Dietland was recommended to me by a colleague, Eve Vawter (she ended up doing an amaaazing interview with Walker, too.) “You are going to love this book,” she said. I’ve been pickier than usual with my reading lately, opting for fast-paced plot-driven books over the meandering literary stuff I sometimes enjoy.
“Is it a pretty easy read?” I asked
“Uh. I read it in one sitting.”
Well, that makes two of us. Sarai Walker has managed to blend fat positivity, anti-diet manifesto with a fun (radical?) feminist adventure.
Read this if you want a page turner that isn’t light on subject matter, if you’re over the diet industry machine, or if sometimes you fantasize about justice served with explosions.
This book was such a pleasure to read. Equal parts travel exploration and love story. It’s the kind of book you get lost in, the descriptions of New Guinea, the intrigue of anthropological studies and theory, the intensity of the relationships between the three main characters. It’s also probably the smartest love triangle – although in some ways I hesitate to call it that – that I’ve ever read.
Nell and Fen are a newly married couple who have just come away from an exhausting study of a cruel tribe. They are about to leave the country when they meet thoughtful, empathic Bankson who is desperate for their company and decide to stay and study another group in Bankson’s territory.
Read this when you want to disappear into a book for a while. I didn’t want to put it down.
Well, this book just about tore my heart open. Most of the book is a very balanced, paced exploration of one family’s life after moving to the U.S. so their daughter, who is suffering from a brain injury, can get better education, as well as the lives of the other immigrants living in their apartment complex. But as the book gets to it’s apex, it really sucker punches you with it’s sweetness and sadness.
Read this if you need something that is easy to read in small sections, if you want to meet a family making the best of a bad situation, if you need a story that gives you a little hope in love.
The book tells the story of Ruby Bell, a young girl who experiences horrific acts – physical abuse, rape, human trafficking – and it drives her to madness, and the love story/redemption story between her and a man name Ephram Jennings.
It was really rather difficult to read some of the descriptions of the cruelty against Ruby, and generally against the women in Liberty, the town she’s from. I also found myself interested in the magical realism in the book, which primarily focuses on an evil spirit that inhabits the powerful men in Liberty and seeks to destroy Ruby. Everything else seems secondary to that – the friend-turned-crow would not need to exist were it not for that evil, the dead child spirits Ruby seeks to protect would need no protection in the absence of the Dybou, the man who subjected Ruby to human trafficking was a man-incarnate of the evil spirit. I wonder what the broader implication of that is – are we dismissing the evil actions of individuals by blaming it on the Dybou? Is the Dybou in all of us?
The book is an illuminating work. Read if you’re looking for a challenging read, magical realism, or a love story that looks a lot like a redemption story.
A favorite daughter dies, and her family reels from the loss. A beautiful portrait of grief told in a compelling, page-turning manner. From a craft perspective, I love that each and every character detail in this book helps to answer the question, What happened to Lydia? Even the details of her parents’ past helps to illuminate how the family got to where it was and how it led to Lydia’s disappearance.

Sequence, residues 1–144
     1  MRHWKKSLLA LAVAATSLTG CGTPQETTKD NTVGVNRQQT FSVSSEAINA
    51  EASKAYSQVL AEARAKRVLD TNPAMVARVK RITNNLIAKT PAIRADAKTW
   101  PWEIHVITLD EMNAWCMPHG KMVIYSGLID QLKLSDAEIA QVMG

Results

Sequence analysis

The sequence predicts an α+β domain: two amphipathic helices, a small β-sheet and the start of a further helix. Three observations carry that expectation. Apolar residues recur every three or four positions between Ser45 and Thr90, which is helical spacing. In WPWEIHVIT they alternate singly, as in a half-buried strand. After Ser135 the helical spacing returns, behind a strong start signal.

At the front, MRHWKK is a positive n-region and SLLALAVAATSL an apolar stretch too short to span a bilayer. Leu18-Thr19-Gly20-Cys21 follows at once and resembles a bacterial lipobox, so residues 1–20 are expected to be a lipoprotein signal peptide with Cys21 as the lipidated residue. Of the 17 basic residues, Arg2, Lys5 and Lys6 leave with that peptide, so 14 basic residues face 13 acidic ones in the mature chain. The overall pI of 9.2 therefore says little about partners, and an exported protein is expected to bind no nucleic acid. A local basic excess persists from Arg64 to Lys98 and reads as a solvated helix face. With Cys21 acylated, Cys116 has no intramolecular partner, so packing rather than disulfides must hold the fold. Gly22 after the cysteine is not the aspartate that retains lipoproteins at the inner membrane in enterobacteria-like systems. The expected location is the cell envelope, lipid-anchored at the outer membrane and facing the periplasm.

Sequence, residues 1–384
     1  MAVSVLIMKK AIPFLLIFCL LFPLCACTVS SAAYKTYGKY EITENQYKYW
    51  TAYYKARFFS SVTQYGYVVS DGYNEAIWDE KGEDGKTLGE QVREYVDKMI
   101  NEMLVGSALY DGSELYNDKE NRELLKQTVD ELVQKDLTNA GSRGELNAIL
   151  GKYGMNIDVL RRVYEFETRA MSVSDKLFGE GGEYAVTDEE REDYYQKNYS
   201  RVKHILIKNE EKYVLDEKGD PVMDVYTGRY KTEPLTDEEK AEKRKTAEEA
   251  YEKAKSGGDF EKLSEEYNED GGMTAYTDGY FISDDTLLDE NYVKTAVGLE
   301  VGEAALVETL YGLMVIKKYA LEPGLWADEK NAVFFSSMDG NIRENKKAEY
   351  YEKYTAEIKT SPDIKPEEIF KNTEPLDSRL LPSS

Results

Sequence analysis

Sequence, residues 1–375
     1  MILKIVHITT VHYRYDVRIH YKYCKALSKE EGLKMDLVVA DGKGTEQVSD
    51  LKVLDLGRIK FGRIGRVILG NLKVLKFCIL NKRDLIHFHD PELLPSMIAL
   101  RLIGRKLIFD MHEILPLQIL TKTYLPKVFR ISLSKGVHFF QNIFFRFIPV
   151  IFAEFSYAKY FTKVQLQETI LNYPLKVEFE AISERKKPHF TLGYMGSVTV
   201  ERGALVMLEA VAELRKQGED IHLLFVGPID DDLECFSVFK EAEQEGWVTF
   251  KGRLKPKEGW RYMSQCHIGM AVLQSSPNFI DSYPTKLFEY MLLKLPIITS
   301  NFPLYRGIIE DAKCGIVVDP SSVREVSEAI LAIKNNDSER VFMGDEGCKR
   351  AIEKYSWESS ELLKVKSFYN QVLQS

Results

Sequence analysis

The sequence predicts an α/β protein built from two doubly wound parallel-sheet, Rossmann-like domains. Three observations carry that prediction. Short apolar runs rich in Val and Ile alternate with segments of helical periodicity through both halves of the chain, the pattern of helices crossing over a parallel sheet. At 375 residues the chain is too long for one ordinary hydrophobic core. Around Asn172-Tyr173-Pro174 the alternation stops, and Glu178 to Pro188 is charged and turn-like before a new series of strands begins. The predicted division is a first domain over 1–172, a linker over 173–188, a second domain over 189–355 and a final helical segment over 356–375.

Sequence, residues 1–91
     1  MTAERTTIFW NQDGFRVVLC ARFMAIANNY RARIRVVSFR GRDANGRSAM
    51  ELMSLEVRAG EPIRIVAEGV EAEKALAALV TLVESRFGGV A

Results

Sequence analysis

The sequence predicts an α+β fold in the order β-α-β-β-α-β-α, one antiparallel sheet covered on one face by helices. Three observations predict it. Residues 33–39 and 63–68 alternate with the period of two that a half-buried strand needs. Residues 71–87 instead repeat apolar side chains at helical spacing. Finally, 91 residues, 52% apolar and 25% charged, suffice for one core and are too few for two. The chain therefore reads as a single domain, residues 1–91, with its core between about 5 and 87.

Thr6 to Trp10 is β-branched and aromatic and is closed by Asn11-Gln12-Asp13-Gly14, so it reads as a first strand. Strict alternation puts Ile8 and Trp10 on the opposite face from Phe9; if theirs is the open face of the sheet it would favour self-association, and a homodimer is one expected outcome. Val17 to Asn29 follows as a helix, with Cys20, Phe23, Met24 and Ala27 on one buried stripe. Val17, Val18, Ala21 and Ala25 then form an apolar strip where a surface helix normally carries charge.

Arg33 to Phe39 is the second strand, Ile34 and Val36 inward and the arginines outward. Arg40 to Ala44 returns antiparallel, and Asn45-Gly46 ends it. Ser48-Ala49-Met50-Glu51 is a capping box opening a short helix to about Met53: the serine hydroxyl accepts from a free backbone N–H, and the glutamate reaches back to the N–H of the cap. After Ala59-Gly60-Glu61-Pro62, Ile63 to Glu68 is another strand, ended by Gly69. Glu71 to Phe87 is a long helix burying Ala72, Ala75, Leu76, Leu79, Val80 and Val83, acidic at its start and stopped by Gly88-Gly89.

Read when you want a really deep portrait of people, or if you’re in the mood for something literary that still pulls you along with plot.
This book was stunningly beautiful. Succinct, specific, heart-wrenching. A woman tells the story of her life and her unraveling marriage. It’s like the most heart wrenching short story you’ve ever read, but book-length. Beautiful.
I was familiar with the comic but not a dedicated reader. This was fun to read, I laughed out loud several times. I continue to be a little perplexed by the blogs-into-books thing but this is the second one I’ve purchased (I also have Tiny Beautiful Things although I’d read every column before).
Took me quite a long time to get through. Didn’t connect with these characters as much as I did in Typical American or Mona in the Promised Land. Still good. In a lot of ways this book is more about a well-meaning white lady trying to best care for her multiracial family and how the family reacts when a mother-figure Chinese woman starts living with them. It was also a little bit (a lot?) sad.
Read this for a fictional but serious look at the complications that multiracial families can face and the power of feeling that you are “like” someone else.
I really loved the beginning of this book. It felt raw and real and dealt with adult-type things in a teen-like way. It was great. The language was sharp and funny and insightful. Once you get about a quarter of the way in it starts becoming more cliche and forced. I figured out the plot pretty quickly, yet it continues to rely on that plot as if the reader doesn’t know what’s coming. It was enjoyable, and some of the images stuck with me, but generally something I’d skim instead of get deeply into.
Read it if you’re generally a fan of YA lit or if you are compelled by stories about artists.
P.S. I would be zero percent shocked if this gets made into a movie in a few years.
This was one weird book. Basically a tale of good vs. evil with a little bit of poverty and race politics. It was OK. I didn’t feel compelled enough the unfurling evil to put up with the flowery, detailed language and ended up flipping through the last 30 pages or so.
Read this if you really like good/evil stories and long descriptions.